High Highs and Low Lows

As she bounced around the US and the world, Rachel drove herself to achieve, to present herself as the best teacher, executive assistant or cookie maker. And she succeeded. Additionally, the long days and hard work helped silence her inner critic. However, those perfectionist tendencies took a toll on her physically, emotionally and mentally.

After binge eating a whole pizza one night, and feeling the agony of an overly full stomach after a day of starvation, she made a vow. No more bingeing. Ever.

Thereafter, Rachel attempted to maintain what she considered her ideal weight and size by severely limiting food intake. She appeared successful and thin and brilliant…and she was all of those things. Beneath the shiny exterior though lurked dark thoughts of failing, of not being enough, of not being worthy.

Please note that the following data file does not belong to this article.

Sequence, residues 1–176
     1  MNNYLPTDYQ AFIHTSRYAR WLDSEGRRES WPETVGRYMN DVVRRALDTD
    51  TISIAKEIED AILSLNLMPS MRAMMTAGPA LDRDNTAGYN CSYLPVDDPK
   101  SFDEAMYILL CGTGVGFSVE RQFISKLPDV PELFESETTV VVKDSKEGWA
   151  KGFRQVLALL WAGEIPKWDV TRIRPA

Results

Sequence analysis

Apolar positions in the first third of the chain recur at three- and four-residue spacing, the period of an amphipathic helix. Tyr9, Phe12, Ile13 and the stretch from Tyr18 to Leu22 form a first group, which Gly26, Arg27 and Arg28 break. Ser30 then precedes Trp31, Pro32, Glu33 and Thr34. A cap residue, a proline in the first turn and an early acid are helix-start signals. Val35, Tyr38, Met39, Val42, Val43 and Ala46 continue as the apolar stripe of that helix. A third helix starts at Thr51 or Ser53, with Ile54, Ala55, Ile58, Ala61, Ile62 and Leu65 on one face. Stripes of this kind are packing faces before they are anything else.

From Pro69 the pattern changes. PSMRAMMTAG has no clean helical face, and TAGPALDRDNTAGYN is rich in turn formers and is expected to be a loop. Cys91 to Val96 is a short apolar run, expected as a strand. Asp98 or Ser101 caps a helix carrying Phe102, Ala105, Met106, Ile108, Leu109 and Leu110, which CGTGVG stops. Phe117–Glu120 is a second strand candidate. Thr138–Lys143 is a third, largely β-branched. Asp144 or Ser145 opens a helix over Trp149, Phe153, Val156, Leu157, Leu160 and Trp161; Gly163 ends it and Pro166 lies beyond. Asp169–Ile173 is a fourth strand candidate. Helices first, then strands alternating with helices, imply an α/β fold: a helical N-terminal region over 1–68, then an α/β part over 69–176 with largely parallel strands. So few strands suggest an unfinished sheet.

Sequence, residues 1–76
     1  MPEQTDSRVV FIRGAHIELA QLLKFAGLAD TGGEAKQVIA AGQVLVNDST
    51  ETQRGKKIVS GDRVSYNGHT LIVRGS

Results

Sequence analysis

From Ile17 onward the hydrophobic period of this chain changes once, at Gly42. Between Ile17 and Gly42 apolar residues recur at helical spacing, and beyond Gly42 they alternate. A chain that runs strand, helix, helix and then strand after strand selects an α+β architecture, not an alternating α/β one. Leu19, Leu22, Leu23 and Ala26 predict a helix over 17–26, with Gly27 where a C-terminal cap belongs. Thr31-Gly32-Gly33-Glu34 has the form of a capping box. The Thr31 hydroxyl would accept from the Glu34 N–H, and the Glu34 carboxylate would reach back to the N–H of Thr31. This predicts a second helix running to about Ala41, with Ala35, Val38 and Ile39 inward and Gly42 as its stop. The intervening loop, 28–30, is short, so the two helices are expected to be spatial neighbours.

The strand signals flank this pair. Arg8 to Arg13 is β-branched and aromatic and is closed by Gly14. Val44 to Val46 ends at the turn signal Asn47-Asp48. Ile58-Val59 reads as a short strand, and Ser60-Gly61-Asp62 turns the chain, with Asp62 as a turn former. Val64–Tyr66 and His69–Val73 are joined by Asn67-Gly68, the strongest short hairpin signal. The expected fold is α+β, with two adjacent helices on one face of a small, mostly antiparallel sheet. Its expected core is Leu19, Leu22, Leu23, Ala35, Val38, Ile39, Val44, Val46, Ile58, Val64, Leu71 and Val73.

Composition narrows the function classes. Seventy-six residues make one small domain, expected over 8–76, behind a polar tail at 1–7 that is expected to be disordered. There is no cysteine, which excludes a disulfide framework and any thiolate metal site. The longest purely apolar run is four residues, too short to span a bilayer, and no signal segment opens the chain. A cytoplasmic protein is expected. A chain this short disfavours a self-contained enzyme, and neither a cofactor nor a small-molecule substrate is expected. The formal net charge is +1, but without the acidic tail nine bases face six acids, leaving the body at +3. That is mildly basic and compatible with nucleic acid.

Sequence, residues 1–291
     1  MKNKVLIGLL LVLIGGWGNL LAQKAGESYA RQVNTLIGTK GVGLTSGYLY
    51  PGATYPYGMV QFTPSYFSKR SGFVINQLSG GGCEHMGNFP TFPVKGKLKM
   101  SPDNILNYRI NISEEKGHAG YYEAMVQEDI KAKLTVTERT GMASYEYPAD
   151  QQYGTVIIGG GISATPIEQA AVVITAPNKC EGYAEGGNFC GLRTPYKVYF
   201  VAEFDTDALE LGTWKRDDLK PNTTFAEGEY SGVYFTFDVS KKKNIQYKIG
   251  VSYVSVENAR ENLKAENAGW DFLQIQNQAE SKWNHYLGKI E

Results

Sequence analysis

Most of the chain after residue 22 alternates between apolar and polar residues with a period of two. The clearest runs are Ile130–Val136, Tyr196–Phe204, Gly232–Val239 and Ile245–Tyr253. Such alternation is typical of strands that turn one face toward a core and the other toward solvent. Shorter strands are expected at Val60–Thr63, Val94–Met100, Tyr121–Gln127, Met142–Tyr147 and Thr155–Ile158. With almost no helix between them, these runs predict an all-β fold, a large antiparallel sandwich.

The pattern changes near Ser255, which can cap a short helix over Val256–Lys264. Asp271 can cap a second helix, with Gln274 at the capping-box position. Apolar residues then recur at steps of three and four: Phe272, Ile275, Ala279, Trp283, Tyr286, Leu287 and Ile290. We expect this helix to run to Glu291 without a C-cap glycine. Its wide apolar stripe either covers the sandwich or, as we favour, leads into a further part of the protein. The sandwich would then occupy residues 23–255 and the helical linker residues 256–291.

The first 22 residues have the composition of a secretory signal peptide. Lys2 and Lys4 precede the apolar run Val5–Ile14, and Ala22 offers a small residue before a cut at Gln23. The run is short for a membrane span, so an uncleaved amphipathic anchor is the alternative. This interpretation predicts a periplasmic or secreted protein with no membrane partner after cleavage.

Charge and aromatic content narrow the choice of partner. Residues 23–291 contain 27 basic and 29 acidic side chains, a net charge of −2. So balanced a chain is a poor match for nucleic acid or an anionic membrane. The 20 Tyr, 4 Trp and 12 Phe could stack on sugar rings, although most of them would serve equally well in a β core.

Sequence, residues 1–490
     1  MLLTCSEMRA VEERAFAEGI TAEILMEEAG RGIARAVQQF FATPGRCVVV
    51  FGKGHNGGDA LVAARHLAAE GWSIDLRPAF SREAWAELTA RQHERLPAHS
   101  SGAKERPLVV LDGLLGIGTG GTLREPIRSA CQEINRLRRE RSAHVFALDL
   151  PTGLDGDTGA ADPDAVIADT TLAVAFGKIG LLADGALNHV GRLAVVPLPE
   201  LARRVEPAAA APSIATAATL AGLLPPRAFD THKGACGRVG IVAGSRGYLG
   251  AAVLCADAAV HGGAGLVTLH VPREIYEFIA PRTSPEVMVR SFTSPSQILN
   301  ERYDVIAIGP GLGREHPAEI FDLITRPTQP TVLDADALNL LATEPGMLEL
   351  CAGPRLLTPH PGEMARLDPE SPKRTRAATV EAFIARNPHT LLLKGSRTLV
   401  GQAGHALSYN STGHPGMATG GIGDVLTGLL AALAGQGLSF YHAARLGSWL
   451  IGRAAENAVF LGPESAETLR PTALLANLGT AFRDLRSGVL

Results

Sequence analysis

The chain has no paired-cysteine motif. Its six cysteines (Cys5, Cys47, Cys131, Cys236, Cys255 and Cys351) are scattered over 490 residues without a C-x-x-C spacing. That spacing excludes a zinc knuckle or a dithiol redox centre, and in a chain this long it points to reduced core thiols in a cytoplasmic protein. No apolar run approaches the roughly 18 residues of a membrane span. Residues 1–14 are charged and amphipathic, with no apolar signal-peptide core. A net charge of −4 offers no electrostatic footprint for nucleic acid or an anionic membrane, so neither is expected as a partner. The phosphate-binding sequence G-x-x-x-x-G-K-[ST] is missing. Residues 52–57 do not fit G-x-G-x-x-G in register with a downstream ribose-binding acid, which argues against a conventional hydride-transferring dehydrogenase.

This is a healing journey, thankfully. To get to the recovery part, Rachel had to get to the face-pressed-against-the-floorboards, “I can’t do this anymore” part. She did. And when she reached out, she found help available.

Emancipated Love Junkie collect beautiful moments
Emancipated Love Junkie – collect beautiful moments

My Thoughts About Emancipated Love Junkie

Rachel’s book powerfully captures her journey to recovery and healing. I found her transparency incredibly honest and authentic. Coupled with her conversational and charming writing style, Rachel’s story is easy to read while difficult to put down. She includes Self Love Gems throughout the book that offer helpful suggestions and positive actions.